Buddleja Davidii seems to be the most common buddleia available at the moment, and it comes in several colours/sizes, but there are actually lots of other varieties of buddleia available to buy/plant. As it’s a shrub, it’s usual to buy a ready-grown shrub from a garden centre then plant it in a nice spot and watch it grow, rather than cultivating from seed. I got mine from Letterkenny Homebase and it was about 30cm when I bought it but in the past month it’s already grown to about 45cm.
How to grow buddleia:
Plant out: May-Sep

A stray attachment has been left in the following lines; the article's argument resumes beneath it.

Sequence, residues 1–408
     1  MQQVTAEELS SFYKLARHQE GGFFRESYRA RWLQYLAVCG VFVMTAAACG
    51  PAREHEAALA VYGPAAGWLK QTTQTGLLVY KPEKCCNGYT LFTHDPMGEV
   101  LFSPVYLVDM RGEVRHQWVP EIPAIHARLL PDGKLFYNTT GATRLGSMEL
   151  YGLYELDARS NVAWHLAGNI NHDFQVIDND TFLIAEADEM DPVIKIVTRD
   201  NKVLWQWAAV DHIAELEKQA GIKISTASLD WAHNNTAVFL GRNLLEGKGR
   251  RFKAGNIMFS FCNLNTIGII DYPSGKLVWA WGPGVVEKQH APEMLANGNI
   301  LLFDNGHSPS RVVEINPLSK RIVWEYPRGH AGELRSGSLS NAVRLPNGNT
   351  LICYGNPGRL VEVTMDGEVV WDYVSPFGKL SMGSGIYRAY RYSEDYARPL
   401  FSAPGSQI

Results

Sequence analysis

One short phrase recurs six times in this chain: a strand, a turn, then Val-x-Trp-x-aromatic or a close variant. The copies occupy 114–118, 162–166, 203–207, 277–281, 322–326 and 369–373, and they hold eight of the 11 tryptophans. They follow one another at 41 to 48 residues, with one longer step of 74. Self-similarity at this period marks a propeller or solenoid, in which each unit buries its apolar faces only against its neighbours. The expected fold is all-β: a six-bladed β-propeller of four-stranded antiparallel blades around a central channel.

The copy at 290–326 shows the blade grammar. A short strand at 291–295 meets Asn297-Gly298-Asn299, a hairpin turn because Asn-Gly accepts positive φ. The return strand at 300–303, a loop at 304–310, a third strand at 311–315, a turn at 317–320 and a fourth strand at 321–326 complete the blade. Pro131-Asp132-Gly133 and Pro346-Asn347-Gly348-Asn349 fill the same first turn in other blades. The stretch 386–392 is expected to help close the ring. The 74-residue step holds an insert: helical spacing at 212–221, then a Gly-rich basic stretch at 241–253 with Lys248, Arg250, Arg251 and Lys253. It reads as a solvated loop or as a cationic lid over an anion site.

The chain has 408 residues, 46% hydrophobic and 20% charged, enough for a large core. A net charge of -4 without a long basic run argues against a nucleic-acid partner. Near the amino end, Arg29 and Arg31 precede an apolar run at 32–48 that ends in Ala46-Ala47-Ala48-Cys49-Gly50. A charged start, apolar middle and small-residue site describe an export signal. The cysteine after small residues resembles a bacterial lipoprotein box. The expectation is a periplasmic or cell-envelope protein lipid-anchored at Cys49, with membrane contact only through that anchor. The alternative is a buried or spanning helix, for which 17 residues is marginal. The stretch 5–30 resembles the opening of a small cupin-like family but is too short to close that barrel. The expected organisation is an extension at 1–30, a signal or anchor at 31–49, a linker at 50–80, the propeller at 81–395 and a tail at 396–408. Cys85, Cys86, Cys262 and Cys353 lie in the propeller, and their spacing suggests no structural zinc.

Buddleia allegedly needs full sun and well-drained soil, but in my experience, it’s a very forgiving plant and can tolerate some shade and imperfect soil. If you don’t have good drainage, add horticultural grit or sharp sand to your soil and mix it in. The amount of grit/sand you need depends on the original state of your soil. Buddleia can thrive in partial shade, too, so don’t give up if you don’t have a full-sun spot for it!
Growing up to 2m high, verbena can add height and structure to your garden, creating a layered effect when planted along with plants of other sizes. Verbena has purple flowers at the top of long, thin stalks. Visually, it can work well with lavender, sea holly and rosemary.
How to grow verbena:
Sow/Plant out: Apr-May